OK, I wasn't sure how long I would stay on this side of the Atlantic, originally it was supposed to be for a few months only but you know how these things go...


    My suspicion is that even among anglophone immigrants to Germany, the overwhelming majority at least start out renting even if they can afford to buy, and very few have the money to put down right away on a property in any case. But TT's regular population is disproportionately weighted towards property-owners (meaning still majority renters, but much more owners than usual).


  4. 6 hours ago, LeonG said:


    When I lived in Edmonton, my landlady made up some "damages" to the apartment after I left to have a reason to keep my damage deposit.  She actually had the gall to even ask for another $100 on top of it, maybe thinking I'd leave her the DD and who cares if I pay the extra $100.  I threatened her to tell the health authorities about the black mold in her building.  She quickly decided to give me half of my DD back.  I left it at that.  So at least that is one thing you can threaten a landlord with.  Here in Germany, black mold is usually just blamed back on the tenant.



    Some provinces of Canada have better protections than many US states.  Decades ago, I had friends in Toronto who lived in a student house owned by a notorious slumlady.  They had two years of hilariously dragging her before the Ontario rental tribunal where she lost every time.  However, it didn't make a whole lot of difference, the roof still leaked everywhere, she would rather suffer a rent reduction than do any repairs whatsoever...


    I successfully threatened an annoying landlord with the Mieterverein for years until they started to behave.


    Mold is a very special category of rental nightmares that only seems to happen that way in Germany.  When I moved to Germany, I didn't realize how much moldfighting was just taken for granted as a part of daily life...


  5. 9 hours ago, catjones said:


    Spent a lot of time in US and rented in many cities.   Landlords have something to sell, tenants want something to buy. While you see that as 'opposite', I see that as mutual.  As for "no protection", that's ludicrous and even more so, " acquiesce to every landlord demand".


    You should get out more and see the world.


    Lo and behold: I also lived in the USA and rented in many US cities.  Tenants don't just want "something to buy", like a hoodie or a vase, they want a roof over their heads where they can live a healthy life and be close to the things they need to get to, like work, groceries, family.  Landlords don't just have "something to sell", rather they sit on one of the principle means of life and the key to avoiding homelessness for many.  Buyer and seller have opposite interests (the buyer wants the most for the least, and the seller vice versa).  Landlords and tenants have opposite interests for exactly that reason.  This relationship cannot be mutual, you are deluding yourself.


    In many places of the USA, even the sale of a property from one landlord to another does not oblige the following landlord to honour the rental contracts, there is no permanent tenure.  There is almost no protection for the tenant's right to have a place to live.  There is little enforcible protection against numerous forms of landlord exploitation. There's no Mieterverein, because there is precious little you can threaten a landlord with.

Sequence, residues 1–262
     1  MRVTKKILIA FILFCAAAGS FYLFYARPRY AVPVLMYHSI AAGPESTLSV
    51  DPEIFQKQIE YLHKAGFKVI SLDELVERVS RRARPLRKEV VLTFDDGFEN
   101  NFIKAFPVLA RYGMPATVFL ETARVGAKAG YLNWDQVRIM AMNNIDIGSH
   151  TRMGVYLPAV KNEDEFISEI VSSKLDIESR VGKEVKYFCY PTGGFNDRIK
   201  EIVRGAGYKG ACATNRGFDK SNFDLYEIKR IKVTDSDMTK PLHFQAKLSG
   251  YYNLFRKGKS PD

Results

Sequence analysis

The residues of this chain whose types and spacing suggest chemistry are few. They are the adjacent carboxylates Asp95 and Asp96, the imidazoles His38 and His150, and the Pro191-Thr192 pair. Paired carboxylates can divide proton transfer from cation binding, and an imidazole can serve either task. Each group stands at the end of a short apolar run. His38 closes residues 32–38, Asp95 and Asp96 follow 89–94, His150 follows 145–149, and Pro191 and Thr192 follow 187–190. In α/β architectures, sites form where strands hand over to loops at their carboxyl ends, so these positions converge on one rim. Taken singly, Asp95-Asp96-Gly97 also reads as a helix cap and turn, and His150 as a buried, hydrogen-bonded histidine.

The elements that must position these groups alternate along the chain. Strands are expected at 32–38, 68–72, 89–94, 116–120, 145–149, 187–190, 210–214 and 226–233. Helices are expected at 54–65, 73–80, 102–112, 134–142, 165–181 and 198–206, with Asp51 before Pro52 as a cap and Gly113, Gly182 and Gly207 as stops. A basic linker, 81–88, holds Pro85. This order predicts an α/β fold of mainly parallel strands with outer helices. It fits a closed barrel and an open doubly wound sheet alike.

6. I'm sure there are bad tenants (I know there are), but at a society-wide level, the power imbalance between landlord and tenant is huge. The landlord, even a small-time one, by definition has a surplus of resources relative to the tenant.  The law needs to protect landlords against damaging abuse of the property (narrowly construed) and chronic non-payment of the agreed rent. That's it, at most.


  7. 37 minutes ago, catjones said:


    I know everyone here is used to this, but someone from the outside would truly wonder about a country where you must joint an adversarial group to live there.  On top of that, buy legal insurance.  What does that say about the german culture?


    I think it's great! The interests of landlords are necessarily opposite to the interests of tenants.  In places where there are not tenants associations with teeth, what it usually means is that the tenants have no protection, not that there is no adversarial relationship.  It's that tenants must acquiesce to every landlord demand.


  8. I'm carrying coals to Newcastle by saying that Trump is worse than Obama, but Obama probably won't be remembered kindly by history. The Obama presidency ended up being about a futile attempt at preserving a ideological and political status quo that had already expired, making compromise after compromise with bad-faith players in the hope of preserving technocratic "norms" that never existed.  The Trump presidency is the "reward" for the Obama presidency.  Much better would have been to pre-empt the right and run a presidency devoted to overturning ideological norms, in the opposite direction.  But that would have been against Obama's entire discourse and style.  That's why he wasn't a good president.